It added that Renault, “being aware of this, failed to take any action to prevent the car from leaving the pitlane….failed to inform the driver of this problem or to advise him to take appropriate action given the circumstances, even though the driver contacted the team by radio believing he had a puncture.”

    It said that the team’s actions had compromised safety in breach of Article 3.2 of the Sporting Regulations, and in breach of Article 23.1.i had released the car from the pits before it was safe to do so.

    Renault has been reminded of its right to appeal the decision.

  2. Patrickl said on 26th July 2009, 18:06

    BTW Mohammed Ben Sulayem knows about taking wheels off of a Renault Formula 1 car. Good to see a steward with hands on experience finally.

  3. Daniel said on 26th July 2009, 18:09

    The punishment was an emotional, yet understandable, reaction to the “flying debris that hit helmets” issue, that surely became the most concering safety problem in Formula 1 these days, given the last events… I think that, more than the penalty itself, the conclusions were very harsh, almost saying Renault intentionally released Alonso without the safety device… It would be something like conscious negligence or even recklessness in criminal law… anyway, too harsh… won’t Brawn be investigated?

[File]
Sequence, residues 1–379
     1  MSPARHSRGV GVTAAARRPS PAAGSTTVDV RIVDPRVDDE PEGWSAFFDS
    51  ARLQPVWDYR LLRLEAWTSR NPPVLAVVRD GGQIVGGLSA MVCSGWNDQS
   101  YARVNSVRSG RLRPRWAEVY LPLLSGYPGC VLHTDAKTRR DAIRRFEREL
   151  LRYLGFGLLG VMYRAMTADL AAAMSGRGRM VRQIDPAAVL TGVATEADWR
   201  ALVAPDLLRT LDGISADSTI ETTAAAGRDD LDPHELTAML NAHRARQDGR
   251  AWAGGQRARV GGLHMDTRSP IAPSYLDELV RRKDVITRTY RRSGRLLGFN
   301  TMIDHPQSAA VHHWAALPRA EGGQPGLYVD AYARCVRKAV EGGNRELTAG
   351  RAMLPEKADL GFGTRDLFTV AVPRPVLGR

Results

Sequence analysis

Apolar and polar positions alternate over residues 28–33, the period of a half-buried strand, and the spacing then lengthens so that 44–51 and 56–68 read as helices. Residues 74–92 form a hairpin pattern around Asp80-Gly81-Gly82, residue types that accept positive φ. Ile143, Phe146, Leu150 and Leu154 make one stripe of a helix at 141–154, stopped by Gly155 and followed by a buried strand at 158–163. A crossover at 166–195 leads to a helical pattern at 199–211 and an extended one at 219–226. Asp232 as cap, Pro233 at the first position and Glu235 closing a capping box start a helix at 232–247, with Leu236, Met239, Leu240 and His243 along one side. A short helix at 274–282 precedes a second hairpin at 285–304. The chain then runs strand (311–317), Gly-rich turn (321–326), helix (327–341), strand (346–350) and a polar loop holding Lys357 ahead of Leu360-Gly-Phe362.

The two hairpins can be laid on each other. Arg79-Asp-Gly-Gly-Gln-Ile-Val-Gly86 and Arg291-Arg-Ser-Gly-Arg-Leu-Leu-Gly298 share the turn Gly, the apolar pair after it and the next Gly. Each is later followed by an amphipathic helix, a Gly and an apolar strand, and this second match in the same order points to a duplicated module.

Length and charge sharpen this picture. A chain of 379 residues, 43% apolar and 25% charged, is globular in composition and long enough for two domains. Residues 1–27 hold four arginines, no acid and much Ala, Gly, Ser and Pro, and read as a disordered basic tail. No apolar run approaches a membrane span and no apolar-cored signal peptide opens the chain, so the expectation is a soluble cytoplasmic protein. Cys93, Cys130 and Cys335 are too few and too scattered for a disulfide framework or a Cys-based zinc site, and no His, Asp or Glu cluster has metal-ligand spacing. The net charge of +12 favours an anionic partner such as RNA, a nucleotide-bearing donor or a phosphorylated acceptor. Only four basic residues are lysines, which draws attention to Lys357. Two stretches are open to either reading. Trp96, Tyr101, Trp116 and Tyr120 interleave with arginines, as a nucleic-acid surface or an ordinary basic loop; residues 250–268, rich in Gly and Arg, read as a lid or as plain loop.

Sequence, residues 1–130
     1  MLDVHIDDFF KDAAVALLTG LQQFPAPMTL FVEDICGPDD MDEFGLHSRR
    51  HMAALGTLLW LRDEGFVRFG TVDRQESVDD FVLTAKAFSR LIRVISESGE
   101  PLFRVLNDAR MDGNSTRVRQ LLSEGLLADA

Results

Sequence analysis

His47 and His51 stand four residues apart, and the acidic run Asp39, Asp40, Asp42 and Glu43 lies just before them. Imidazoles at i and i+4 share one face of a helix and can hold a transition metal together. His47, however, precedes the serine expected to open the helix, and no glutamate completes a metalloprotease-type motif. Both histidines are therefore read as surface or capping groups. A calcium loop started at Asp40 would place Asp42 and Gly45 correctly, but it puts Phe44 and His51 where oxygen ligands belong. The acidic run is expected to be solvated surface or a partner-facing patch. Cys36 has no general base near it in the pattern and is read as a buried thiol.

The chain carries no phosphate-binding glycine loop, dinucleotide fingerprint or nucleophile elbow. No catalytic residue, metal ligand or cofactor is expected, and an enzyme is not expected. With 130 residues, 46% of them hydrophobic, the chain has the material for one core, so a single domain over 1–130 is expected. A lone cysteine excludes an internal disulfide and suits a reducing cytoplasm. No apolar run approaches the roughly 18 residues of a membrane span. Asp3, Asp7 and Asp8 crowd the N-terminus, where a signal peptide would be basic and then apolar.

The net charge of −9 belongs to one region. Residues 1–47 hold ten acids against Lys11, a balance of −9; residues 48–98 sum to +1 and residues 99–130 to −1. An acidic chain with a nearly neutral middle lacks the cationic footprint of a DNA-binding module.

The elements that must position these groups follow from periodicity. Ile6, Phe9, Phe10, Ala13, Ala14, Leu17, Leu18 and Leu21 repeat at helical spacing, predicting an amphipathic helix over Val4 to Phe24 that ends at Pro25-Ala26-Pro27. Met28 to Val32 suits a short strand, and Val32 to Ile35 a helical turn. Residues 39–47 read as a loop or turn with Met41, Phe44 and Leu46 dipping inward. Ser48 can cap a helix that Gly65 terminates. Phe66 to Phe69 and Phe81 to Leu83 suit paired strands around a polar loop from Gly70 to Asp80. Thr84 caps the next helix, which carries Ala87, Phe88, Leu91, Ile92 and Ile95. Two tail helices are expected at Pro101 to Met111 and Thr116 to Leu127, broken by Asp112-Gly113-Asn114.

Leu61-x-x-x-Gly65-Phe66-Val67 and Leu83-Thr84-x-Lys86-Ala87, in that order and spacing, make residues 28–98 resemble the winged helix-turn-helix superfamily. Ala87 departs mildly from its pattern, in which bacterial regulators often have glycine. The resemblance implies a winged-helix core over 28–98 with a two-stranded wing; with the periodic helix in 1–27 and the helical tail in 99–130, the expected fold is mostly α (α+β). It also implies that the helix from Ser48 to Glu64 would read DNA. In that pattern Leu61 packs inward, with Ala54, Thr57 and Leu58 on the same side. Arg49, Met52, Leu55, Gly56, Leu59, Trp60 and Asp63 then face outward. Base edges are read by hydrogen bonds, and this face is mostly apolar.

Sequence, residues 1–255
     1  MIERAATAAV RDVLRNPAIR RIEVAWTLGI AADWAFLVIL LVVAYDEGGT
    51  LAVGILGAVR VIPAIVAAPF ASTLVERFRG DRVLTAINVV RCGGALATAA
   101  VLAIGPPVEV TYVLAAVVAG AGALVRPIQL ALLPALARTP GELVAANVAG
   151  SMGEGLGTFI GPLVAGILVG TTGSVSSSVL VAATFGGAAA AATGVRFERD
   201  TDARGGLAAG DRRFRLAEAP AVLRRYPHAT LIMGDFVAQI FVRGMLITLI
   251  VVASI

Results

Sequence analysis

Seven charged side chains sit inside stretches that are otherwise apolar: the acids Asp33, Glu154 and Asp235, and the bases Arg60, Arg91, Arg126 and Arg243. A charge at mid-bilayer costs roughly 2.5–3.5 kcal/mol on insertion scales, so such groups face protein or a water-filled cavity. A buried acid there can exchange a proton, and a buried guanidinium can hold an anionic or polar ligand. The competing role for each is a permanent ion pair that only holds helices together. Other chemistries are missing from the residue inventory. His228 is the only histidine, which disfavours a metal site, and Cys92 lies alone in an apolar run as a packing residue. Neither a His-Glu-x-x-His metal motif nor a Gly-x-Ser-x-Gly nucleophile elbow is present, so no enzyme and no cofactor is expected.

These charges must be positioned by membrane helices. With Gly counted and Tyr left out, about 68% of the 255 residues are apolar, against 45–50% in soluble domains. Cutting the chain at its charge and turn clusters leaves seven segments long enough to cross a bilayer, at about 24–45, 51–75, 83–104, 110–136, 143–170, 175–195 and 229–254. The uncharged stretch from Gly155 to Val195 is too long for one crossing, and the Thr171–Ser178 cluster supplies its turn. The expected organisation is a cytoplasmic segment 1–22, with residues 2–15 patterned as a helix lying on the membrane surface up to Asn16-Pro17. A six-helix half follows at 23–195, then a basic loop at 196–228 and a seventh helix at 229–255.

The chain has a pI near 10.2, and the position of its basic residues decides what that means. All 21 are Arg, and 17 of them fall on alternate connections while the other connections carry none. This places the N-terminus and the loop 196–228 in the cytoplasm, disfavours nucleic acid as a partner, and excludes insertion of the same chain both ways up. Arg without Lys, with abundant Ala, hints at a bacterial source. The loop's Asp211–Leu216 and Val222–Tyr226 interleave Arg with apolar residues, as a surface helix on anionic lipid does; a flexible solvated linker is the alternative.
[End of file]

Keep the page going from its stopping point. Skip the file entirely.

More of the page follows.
4. Mark Hitchcock said on 26th July 2009, 18:10

    If they really didn’t tell Alonso what was wrong, even after he said he thought he had a puncture then they totally deserve a suspension.

    This is nothing like Vettel’s accident in Australia, he crashed and decided to continue, this is different because Renault could have prevented the accident in the first place.

    It may well be a reaction to Surtees and Massa but in my opinion it’s a perfectly reasonable reaction.
    This incident shows that Renault have learnt nothing from the recent accidents so they need to be shown what they should be doing by being harshly punished.

  5. Chris said on 26th July 2009, 18:13

    I think the people that are saying Brawn should be punished are missing the point.